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Jwhitsett1129
07-11-2006, 04:54 PM
What's the consensus on hooking a water hose up to the intake in order to work on the boat in the driveway? I assume that as long as the temperature is good then I should be ok, but I worry that a hose won't produce an adequate volume of water. I need to make some carburetor adjustments and would like to avoid driving all the way to the lake to do so....

Thanks,

Jesse

Dan K
07-11-2006, 05:06 PM
The best way I have found is to disconnect the intake hose from the bottom fitting. place this in a 5 gallon bucket and run your garden hose into the bucket. This allows for a small reserve for when you run the engine past idle. The hose will enerally keep pace for idle speed.
Also doesn't hurt to lube your strut bearings in case your prop shaft spins.

bigmac
07-11-2006, 05:11 PM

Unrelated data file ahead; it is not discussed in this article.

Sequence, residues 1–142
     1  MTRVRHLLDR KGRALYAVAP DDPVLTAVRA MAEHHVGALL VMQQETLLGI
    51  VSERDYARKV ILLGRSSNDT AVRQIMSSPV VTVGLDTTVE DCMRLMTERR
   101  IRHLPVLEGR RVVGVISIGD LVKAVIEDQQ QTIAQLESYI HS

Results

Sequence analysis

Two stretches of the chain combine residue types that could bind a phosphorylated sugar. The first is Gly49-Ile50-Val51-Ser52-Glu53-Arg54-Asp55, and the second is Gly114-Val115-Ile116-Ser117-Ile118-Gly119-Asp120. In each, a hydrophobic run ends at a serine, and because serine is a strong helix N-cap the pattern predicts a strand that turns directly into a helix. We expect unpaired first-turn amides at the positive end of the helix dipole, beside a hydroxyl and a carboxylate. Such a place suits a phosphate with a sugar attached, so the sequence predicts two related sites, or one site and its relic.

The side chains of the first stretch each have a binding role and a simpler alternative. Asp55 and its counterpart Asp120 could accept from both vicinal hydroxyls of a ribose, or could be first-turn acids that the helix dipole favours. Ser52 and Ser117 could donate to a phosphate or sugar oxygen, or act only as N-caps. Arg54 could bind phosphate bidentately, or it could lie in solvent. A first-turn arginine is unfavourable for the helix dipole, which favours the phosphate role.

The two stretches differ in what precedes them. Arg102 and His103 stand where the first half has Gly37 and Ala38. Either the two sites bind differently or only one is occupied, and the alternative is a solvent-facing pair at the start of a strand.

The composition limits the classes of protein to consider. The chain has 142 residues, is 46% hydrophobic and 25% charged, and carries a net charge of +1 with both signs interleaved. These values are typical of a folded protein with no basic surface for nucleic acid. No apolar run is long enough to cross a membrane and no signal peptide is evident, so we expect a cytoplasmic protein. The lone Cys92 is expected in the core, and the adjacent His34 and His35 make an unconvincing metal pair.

I just pull the intake hose from the through-hull fitting and connect a garden hose up to it. Works fine, cheap to make (about $10 in parts from the hardware store). No bucket-filling required.

http://mccollister.info/fitting.jpg

M-Funf
07-11-2006, 05:14 PM
I do the same as bigmac, except that my boat has a hose spiget (sp?) located along the intake tube, so all I have to do is hook up the hose to that, open the spiget, turn on the water and start the boat :D

Before the water is on, it's all pouring out the bottom pickup. As soon as I start the boat, all the water is going toward the engine...

I really just do this to make sure the boat STARTS...nothing more...

oxberger
07-11-2006, 05:22 PM
My mechanic does what big mac and m do. As a matter of fact when I was picking the boat up, after it had been de winterized, he had made the adjustments you want to do after letting the engine warm up. I asked him about this and he said as long as you keep an eye on your temp gauge you should be able to run the boat this way for a while.

east tx skier
07-11-2006, 05:43 PM
If I have the bucket available, I go that route.

bigmac
07-11-2006, 06:00 PM